Here are the steps:

Get a Guitar Tuner

An electronic guitar tuner makes the tuning process much easier, especially for beginners. Clip-on tuners attached to the headstock are accurate and easy to use. Many guitar tuners are inexpensive, so invest in one and tune confidently.

Understand the Tuning Pegs

The tuning pegs on the neck of your guitar control the tension of each string. Tightening a string raises its pitch while loosening a string lowers its pitch. The thicker strings correspond to lower notes, while the thinner strings produce higher ones.

Tune from Lowest to Highest

Start with the thickest string, the low E string. Pluck the string and turn the corresponding tuning peg to tighten or loosen it until the tuner indicates it’s in tune. Then move on to the A string, and so on, until all strings are in tune.

Double Check with Natural Harmonics

Even with an electronic tuner, it’s a good idea to double-check your tuning using the natural harmonics at the 5th and 7th frets. Lightly press your finger over the fret wire and pluck – you should hear a clear, bell-like tone. The 5th fret harmonic on each string should match the next open string. The 7th fret harmonic should match one octave higher.

Tune as Needed

Re-tune your guitar before each practice session or performance. Temperature changes can affect string tension, causing your guitar to go out of tune.

Get in the habit of tuning regularly to develop an ear for recognizing when your guitar sounds out of tune. With regular practice, tuning your acoustic guitar will become second nature. Keep at it; you’ll be strumming one of the best songs about vaping or a special love song you wrote in no time!

Crucial Acoustic Guitar Chords for Beginners

To start playing songs on the acoustic guitar, you need to learn some essential chords. Chords are groups of notes played together to create harmony. As a beginner, focus on major and basic chords to build a solid foundation.

C Major

Place your first finger on the first fret of the B string, second finger on the second fret of the D string, and third finger on the third fret of the A string. Strum all six strings. The C major chord, or C, is one of the most common chords in music.

G Major

Put your first finger on the second fret of the C string, second finger on the second fret of the E string, and third finger on the third fret of the E string. Strum all strings except the low E. The G major chord, or G, is another chord you’ll use a lot.

D Major

Press your first finger down on the second fret of the G string, the second finger on the second fret of the E string, and the third finger on the third fret of the B string. Strum only the four thinnest strings. The D major chord, or D, is a staple of many songs.

D Minor

Place your first finger on the first fret of the E string, second finger on the second fret of the D string, and third finger on the third fret of the B string. Strum only the four thinnest strings. The D minor chord, or Dm, adds a melancholy tone.

E Minor

Put your first, second, and third fingers on the second frets of the A, D, and G strings, respectively. Strum all strings except the low E. The E minor chord, or Em, is another commonly used chord, especially in folk music.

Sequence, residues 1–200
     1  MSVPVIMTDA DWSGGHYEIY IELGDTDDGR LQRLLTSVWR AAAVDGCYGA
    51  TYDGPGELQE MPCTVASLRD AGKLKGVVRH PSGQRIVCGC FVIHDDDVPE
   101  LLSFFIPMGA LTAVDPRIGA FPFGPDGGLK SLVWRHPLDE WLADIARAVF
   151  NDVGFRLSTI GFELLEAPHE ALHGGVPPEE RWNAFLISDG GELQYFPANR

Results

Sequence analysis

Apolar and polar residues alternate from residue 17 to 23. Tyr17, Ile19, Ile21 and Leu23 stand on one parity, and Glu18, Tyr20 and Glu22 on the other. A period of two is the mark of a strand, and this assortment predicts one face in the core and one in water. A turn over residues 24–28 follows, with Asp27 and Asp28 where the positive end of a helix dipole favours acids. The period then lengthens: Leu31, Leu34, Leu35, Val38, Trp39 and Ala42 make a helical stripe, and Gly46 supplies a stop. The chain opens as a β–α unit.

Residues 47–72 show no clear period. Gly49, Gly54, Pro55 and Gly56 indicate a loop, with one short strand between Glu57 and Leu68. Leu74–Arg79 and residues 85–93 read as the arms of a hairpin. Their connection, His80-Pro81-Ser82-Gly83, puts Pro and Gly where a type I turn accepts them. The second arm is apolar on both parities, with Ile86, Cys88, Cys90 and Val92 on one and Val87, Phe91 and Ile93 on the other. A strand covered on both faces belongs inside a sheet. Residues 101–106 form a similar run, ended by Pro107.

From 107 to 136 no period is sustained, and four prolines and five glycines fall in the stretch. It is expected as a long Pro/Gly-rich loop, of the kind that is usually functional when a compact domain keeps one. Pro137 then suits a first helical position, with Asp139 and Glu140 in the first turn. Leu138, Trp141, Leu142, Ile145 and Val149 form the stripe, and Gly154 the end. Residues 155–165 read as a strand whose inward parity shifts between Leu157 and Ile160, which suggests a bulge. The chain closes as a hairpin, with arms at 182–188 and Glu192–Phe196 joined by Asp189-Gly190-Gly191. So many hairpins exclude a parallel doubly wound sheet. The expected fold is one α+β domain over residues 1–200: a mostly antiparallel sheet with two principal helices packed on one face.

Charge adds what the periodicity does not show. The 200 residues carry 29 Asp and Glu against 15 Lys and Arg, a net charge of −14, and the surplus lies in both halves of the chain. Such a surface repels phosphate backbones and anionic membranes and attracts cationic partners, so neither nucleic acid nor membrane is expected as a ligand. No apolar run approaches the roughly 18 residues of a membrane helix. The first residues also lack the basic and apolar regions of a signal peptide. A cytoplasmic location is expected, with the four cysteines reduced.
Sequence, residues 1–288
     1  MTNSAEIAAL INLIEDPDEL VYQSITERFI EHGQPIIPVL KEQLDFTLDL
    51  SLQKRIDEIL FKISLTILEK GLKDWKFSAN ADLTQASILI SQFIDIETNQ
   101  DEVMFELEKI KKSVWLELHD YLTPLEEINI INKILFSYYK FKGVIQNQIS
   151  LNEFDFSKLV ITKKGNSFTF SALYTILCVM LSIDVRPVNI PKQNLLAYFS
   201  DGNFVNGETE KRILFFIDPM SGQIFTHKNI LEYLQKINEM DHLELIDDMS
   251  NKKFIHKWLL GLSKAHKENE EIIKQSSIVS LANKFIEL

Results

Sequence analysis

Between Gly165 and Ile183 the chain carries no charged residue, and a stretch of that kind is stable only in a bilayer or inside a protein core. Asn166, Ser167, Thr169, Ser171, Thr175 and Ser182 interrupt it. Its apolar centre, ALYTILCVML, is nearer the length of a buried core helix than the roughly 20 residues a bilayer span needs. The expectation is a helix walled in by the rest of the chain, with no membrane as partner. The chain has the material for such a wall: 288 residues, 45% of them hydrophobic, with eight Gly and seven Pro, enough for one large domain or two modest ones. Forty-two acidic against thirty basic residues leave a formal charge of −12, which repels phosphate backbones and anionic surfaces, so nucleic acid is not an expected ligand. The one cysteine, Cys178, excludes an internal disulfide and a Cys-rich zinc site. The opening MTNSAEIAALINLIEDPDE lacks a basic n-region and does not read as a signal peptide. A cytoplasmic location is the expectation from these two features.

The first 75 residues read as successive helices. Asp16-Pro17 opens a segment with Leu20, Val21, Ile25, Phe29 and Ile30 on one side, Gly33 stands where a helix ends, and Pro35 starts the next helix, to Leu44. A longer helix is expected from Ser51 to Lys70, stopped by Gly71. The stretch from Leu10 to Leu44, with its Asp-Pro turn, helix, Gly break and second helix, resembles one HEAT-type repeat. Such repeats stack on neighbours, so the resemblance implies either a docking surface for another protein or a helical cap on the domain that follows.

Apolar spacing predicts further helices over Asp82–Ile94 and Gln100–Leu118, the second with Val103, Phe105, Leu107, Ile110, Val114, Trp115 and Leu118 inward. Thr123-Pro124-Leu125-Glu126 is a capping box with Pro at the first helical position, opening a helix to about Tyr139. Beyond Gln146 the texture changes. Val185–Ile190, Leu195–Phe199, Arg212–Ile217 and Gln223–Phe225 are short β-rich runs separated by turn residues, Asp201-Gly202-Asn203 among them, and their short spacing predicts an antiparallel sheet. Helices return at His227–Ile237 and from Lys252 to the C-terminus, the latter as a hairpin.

Practice changing between these chords smoothly. Once you’ve mastered them, you’ll be ready to play many simple songs! Don’t get discouraged if it takes time. Building up finger strength and muscle memory is challenging, but with regular practice, you’ll get better at it. Keep at it, and you’ll be strumming your favorite tunes soon!

Strumming Patterns for Acoustic Guitar

Once you’ve learned the basics of acoustic guitars, it’s time to learn some simple strumming patterns. This is essential for playing chords and songs on guitar. The way you strum—the speed, rhythm, and motion—gives life to your guitar playing.

Here are a few basic strumming patterns to get you started:

The 4/4 Strum

The most common strumming pattern is 4 downstrokes over 4 beats (1, 2, 3, 4). This works for many beginner songs in 4/4 time. Practice strumming down on each beat using your index finger or a pick. Keep your wrist loose and strum through all six strings.

The D D U U Strum

Try mixing up and downstrokes once you’re comfortable with the 4/4 strum. The D D U U pattern is:

Down, down, up, up

1 2, 3 4

Strum down on beats 1 and 2, then up on beats 3 and 4. This adds more rhythm and texture to your playing. Practice changing between the 4/4 and D D U U strum.

The D U D D U Strum

For a little more challenge, the D U D D U strumming pattern is:

Down, up, down, down, up

1 2, 3 4, 5

Strum down on beats 1, 3, and 4 and up on beats 2 and 5. This versatile pattern works for many songs. Keep your wrist loose and let the strumming flow.

Your acoustic guitar will come alive as you gain confidence and make the strumming patterns your own. Knowing the basics and how the patterns work helps reduce performance anxiety, as you will be more confident in your ability.


Now it’s time to practice and perfect your craft. Once you learn this, playing other guitars, like an electric guitar, may be easy.

Don’t get discouraged if you make mistakes or your fingers hurt at first. Stay patient and stick with it. Playing guitar is a skill that takes dedication to develop, but it will be worth it.

Once you get comfortable changing between chords smoothly and confidently strumming, you’ll be ready to play some simple songs.